• You can call and talk to customer service, or you can check their website. If you’re comfortable waiting until you get your next bill, you can compare your reading to their reading to see if it’s the same or not.
  7. Some meters have extra dials that the gas company uses for things like checking for accuracy. However, these dials have nothing to do with your actual reading, so you can disregard them. The only dials that matter are the main dials, which are all the same size and neatly lined up.
    • The extra dials, if they are present, will be smaller or larger than the ones used for taking a reading.
  8. Advertisement
Method 2
Method 2 of 3:

Checking a Digital Meter

  1. Gas meters are more likely to be analog than electric meters. Before you take your reading, verify that the meter is attached to your gas line, not near your powerline.[6]
    • It’s helpful to locate both meters before you take a reading.
  2. If you live in the United States, your meter will likely be in imperial units, such as cubic feet. If you live in an area that uses the metric system, however, you’ll likely see metric units, such as cubic meters.[7]
    • If you have an imperial meter, your display panel should have ft3 next to it to represent cubic feet. It will likely also have a panel with 4 digits, and possibly 2 decimal points.
    • If you have a metrical meter, you should see m3 for cubic meters. The meter will likely have 5 digits, as well as 3 decimal points.
  3. Digital meters are super easy to use because they give you an exact reading. All you have to do is look at the screen! The reading should be a 4- or 5-digit number, but you may see a few 0s in front of it. Just disregard the 0s.
    • The number that appears on the screen represents your usage. There’s no need to do anything else.
  4. This is your current gas usage. You’ll need to compare it to past readings in order to determine how much gas you’ve used in a specific period. You can also compare this reading to the reading taken by the gas company, which will appear on your bill.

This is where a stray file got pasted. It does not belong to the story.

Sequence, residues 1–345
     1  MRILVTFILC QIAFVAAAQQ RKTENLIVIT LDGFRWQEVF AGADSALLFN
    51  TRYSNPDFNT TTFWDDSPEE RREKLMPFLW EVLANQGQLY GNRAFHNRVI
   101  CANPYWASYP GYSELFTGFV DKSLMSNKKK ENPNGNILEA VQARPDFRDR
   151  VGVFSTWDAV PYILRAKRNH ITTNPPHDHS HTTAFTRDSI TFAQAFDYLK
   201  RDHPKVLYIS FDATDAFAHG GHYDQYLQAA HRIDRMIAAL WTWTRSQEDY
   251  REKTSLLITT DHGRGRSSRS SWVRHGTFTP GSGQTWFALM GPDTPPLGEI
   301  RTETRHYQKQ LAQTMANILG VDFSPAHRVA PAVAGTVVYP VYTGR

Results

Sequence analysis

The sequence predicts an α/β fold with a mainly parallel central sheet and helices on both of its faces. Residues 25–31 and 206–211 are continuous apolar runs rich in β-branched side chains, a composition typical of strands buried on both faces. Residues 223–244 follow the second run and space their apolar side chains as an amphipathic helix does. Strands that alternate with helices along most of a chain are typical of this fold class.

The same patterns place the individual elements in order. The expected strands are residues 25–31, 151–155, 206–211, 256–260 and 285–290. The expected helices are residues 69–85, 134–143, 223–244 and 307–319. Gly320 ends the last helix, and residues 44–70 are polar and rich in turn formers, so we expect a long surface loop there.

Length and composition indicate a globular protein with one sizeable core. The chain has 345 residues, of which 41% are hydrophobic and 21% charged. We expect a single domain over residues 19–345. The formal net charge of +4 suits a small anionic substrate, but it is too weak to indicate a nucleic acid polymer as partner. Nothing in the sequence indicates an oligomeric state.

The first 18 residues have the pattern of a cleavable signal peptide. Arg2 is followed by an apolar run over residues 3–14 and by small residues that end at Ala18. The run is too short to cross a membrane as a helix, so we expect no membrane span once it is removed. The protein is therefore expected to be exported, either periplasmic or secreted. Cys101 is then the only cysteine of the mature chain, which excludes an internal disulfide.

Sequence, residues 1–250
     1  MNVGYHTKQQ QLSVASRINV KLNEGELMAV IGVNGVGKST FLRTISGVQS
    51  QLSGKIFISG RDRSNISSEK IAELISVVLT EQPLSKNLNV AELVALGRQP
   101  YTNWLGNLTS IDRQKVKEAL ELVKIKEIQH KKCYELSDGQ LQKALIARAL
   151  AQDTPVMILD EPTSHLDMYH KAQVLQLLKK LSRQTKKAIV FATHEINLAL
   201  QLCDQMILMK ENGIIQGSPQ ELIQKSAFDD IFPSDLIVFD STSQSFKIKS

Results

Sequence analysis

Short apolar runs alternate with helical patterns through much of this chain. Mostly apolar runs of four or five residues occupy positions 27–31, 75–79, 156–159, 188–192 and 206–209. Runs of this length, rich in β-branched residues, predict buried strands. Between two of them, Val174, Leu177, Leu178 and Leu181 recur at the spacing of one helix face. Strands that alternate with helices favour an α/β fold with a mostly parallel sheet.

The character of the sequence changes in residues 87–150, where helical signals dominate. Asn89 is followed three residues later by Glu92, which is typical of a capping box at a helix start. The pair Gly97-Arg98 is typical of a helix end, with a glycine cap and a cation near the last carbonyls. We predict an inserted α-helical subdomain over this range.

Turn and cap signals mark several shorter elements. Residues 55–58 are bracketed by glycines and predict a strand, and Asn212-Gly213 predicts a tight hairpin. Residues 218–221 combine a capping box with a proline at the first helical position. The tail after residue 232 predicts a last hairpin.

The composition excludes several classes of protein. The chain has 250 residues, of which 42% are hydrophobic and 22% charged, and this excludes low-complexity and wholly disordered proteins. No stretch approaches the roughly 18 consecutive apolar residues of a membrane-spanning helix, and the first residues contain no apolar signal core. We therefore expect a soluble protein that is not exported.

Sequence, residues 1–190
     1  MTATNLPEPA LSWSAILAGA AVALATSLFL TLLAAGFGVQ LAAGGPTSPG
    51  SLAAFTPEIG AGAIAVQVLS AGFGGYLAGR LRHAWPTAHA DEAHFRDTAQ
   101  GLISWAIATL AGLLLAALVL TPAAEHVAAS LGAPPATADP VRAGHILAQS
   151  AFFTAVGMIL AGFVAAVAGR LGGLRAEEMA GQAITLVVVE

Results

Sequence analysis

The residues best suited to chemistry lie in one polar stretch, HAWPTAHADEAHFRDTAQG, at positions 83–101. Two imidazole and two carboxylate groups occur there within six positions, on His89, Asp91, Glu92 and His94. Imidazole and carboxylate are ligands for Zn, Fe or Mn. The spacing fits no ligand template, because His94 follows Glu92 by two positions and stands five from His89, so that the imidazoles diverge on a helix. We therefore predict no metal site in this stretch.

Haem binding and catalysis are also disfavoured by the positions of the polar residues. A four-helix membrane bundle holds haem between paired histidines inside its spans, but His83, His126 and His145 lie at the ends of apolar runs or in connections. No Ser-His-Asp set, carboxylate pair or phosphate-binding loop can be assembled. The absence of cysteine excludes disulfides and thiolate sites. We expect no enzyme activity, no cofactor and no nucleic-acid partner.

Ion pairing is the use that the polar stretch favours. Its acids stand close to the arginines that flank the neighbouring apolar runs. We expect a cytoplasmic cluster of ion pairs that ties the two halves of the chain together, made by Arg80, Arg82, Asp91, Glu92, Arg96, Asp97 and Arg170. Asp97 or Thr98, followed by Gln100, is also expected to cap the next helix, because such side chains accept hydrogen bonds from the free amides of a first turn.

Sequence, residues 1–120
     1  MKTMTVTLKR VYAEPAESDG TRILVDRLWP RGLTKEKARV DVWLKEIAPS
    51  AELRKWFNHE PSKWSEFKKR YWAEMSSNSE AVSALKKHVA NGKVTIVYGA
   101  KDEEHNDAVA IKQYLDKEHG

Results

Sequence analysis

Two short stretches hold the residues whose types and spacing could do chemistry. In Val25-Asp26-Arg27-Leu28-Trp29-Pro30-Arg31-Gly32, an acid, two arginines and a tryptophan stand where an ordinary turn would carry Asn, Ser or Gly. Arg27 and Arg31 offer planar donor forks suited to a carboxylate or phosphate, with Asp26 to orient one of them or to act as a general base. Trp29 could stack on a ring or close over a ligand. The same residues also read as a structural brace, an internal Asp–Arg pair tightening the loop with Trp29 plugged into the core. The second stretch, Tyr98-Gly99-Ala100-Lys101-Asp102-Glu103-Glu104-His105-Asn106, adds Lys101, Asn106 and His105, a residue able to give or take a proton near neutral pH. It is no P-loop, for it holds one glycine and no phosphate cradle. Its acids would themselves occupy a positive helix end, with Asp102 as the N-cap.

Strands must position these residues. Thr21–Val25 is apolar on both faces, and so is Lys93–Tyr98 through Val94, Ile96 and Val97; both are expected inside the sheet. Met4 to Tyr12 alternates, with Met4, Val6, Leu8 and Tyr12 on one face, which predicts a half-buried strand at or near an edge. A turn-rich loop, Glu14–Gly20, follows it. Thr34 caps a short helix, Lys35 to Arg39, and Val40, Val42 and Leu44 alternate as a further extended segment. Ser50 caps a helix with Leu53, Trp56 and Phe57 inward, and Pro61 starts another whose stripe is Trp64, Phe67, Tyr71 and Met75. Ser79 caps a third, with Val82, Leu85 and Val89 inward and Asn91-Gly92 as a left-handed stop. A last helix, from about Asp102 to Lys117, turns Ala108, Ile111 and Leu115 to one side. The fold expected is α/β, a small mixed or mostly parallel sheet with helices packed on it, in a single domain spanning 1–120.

• For example, 3785 and 0003785 would both be written as 3785.
  5. If your meter does have decimal points, you don’t need to include these in your reading. Similarly, you don’t need to pay attention to any other numbers, such as red control numbers. Just focus on the reading given on your screen.[8]
    • For example, 3785.28 would be 3785.
  6. Advertisement
Method 3
Method 3 of 3:

Calculating Your Usage

  1. This is the only way to take useful readings. Your gas company will take 1 reading a month, usually around the same time. To estimate your usage, you need to do the same thing.
    • Look at your gas bill to see what day the gas company usually checks your meter, though it can vary month-to-month. Checking it on the same day will give you the most accurate reading.
    • For example, you might check your meter every month on the 1st.
  2. You can’t do much with a single reading, as it won’t let you calculate your usage. This is because the gas company doesn’t reset the meter each month. To calculate usage, you’d need to know your reading from last month.[9]
    • If you have a copy of your bill, you get your previous month’s reading from it. Also, you can compare your reading to the gas company’s reading.
  3. When in doubt, subtract the biggest number from the smallest number. Use a calculator or subtract it by hand. This will tell you how much gas you used this month!
    • Compare this number to your bill to verify the gas company is only charging you for the gas you used. Remember, it can vary slightly depending on when you took the measurement.